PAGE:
Conrad lobbies to speed up Devils Lake flood protection projectsSen. Kent Conrad is lobbying federal officials to accelerate flood protection projects in the Devils Lake Basin and the Red River Valley.
By: Kevin Bonham, Grand Forks Herald
Sen. Kent Conrad is lobbying federal officials to accelerate flood protection projects in the Devils Lake Basin and the Red River Valley.
Conrad met Friday with the top leadership from the Army Corps of Engineers — including Commanding Gen. Robert L. Van Antwerp and Deputy Commanding General for Civil and Emergency Operations Maj. Gen. William T. Grisoli — for a briefing on Devils Lake, the Fargo-Moorhead Metro flood protection project, spring flood fight preparations, and the Lake Sakakawea surplus water report.
“Given the dire threat posed by record flooding in Devils Lake and projections for major flooding across the state, I’ve asked the Corps to ensure our communities get the assistance they need in the short term while also giving our ongoing permanent flood relief projects priority consideration,” Conrad said. “Gen. Van Antwerp and other Corps leadership are very familiar with the challenges we face in North Dakota, and I’m hopeful that we will continue to see significant and timely progress made in Devils Lake, Fargo and surrounding communities in the coming months.”
Conrad assured the Corps that he would do everything he could in his role as Senate Budget Committee chairman to support the Corps during the Fiscal Year 2012 budget process, noting the critical role they play in shoring up the nation’s aging infrastructure.
He also asked the Corps to take steps to accelerate the construction of the embankment raise to ensure the city of Devils Lake is adequately protected and to take steps to ensure protection to other areas in the basin, including the Spirit Lake Nation and Minnewaukan, N.D.
Devils Lake reached a record elevation of 1,452.1 feet above sea level in 2010. The National Weather Service forecasts a 50-50-chance that it will reach 1,455 feet this year. That’s just 3 feet below the elevation at which it would spill uncontrollably out of Stump Lake to the Tolna Coulee toward the Sheyenne River and downstream communities.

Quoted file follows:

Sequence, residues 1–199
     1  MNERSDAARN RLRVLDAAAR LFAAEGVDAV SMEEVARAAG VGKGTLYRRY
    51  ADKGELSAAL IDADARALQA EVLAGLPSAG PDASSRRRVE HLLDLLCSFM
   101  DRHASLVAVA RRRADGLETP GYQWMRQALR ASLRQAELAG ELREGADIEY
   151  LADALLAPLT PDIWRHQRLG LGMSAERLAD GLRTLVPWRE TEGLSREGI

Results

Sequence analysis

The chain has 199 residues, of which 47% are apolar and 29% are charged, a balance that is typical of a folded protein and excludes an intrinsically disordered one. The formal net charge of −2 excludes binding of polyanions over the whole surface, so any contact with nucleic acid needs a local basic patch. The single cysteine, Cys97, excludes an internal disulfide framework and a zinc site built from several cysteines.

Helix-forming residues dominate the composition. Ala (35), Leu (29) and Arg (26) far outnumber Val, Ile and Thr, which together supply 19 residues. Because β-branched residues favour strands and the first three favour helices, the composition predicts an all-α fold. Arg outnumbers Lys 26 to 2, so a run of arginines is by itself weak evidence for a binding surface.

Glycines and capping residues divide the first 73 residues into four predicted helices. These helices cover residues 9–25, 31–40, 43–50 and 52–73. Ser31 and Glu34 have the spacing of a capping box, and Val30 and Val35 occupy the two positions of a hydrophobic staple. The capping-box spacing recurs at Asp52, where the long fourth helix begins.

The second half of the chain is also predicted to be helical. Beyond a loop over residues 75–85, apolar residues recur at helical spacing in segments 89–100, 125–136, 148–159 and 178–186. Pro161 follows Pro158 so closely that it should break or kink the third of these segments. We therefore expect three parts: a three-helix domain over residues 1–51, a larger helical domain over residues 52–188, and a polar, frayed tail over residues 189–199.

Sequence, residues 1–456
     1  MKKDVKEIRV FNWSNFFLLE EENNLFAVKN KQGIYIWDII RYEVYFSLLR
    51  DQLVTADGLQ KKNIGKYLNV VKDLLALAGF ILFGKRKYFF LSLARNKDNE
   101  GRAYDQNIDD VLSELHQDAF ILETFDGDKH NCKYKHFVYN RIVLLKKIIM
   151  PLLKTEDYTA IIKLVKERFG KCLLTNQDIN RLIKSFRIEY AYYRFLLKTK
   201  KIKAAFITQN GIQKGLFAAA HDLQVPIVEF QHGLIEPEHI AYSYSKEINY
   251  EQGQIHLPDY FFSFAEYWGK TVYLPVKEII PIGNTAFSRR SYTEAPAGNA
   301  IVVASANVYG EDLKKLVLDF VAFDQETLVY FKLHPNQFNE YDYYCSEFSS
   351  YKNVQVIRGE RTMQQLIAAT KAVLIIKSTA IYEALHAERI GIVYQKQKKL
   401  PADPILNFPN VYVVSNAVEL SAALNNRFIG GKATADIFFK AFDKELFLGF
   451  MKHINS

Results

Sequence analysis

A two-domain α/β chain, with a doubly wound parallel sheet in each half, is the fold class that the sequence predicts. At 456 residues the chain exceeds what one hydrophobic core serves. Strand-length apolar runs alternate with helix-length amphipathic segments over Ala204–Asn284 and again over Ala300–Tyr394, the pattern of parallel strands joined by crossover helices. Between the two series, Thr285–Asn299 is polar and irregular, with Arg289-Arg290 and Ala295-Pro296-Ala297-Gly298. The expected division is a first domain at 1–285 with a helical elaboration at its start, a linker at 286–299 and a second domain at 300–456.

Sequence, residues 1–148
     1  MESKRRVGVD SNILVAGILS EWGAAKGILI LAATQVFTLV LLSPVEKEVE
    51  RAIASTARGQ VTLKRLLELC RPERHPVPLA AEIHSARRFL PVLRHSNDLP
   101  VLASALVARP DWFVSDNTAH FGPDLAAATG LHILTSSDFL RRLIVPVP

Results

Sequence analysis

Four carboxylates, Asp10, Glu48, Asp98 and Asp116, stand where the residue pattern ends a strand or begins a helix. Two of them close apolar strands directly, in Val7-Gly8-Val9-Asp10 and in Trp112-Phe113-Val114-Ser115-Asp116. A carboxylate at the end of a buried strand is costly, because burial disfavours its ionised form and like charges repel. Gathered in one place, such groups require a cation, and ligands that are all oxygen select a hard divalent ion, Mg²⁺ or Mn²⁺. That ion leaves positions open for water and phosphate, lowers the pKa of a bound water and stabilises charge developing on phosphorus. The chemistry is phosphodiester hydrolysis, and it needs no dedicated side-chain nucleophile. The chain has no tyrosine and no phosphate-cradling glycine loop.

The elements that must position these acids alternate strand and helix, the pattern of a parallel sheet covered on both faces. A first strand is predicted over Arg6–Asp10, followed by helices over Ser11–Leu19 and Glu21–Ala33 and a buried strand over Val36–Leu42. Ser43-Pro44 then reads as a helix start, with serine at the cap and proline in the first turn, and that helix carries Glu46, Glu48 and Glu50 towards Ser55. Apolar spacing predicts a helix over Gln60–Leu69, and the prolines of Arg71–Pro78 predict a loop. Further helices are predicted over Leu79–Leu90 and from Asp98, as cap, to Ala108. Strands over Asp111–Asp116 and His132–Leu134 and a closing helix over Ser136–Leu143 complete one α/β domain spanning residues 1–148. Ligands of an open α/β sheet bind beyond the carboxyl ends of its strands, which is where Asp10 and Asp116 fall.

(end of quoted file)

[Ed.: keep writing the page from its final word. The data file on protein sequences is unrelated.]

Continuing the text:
The lake has risen by about 30 feet and quadrupled in size since 1993. If it reaches 1,455 feet this year, it will grow by another 30,000 acres.
The ice-covered lake was at 1,451.7 feet on Friday. It has risen about one-half foot since freeze-up.
Conrad urged the Corps to make good on the commitment of the federal working group to expedite any permit requests the state may make related to the east end outlet or a control structure at the Tolna Coulee to prevent a catastrophic overflow.
Conrad and the Corps leadership also reviewed the status of the Fargo-Moorhead metro flood project, specifically the upstream impacts and the diversion alignment as well as fiscal year 2011 funding to complete the feasibility study.
Conrad also asked the Corps to commit resources to begin construction of a permanent $42 million flood protection project on the Park River in Grafton, N.D.
The state of North Dakota has committed $7.1 million toward the project. Grafton is seeking $31.5 million in federal funding, which has not been approved. A $3 million federal allocation is caught up in a federal spending bill that was put on the shelf in December.
Meanwhile, the Corps and the city of Grafton are putting together a partnership agreement, so the project can proceed when, or if, funds are allocated.
Reach Bonham at (701) 780-1110; (800) 477-6572, ext. 110; or send e-mail to email@example.com.